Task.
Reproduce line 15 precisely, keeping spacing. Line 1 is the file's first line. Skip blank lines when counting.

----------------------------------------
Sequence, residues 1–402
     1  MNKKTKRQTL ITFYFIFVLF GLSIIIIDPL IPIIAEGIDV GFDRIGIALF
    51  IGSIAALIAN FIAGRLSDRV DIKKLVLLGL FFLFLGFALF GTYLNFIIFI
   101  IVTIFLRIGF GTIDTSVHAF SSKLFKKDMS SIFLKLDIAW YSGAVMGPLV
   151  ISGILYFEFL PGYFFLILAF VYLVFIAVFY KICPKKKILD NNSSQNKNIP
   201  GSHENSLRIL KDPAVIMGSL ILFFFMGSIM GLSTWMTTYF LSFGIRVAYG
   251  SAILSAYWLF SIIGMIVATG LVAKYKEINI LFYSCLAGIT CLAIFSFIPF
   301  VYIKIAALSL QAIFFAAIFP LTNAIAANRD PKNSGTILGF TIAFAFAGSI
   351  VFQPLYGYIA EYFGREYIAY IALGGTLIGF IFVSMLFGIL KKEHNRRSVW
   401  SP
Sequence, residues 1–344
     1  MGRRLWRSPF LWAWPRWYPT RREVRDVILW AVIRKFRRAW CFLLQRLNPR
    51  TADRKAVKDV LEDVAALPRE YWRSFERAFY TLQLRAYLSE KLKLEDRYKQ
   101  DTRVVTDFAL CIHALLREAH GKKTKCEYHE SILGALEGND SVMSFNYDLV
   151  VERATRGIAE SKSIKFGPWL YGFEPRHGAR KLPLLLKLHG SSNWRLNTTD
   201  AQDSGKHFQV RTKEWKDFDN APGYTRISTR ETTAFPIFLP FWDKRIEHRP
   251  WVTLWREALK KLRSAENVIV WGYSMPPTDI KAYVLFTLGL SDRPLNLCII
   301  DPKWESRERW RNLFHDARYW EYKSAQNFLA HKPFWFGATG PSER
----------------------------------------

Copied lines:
   151  VERATRGIAE SKSIKFGPWL YGFEPRHGAR KLPLLLKLHG SSNWRLNTTD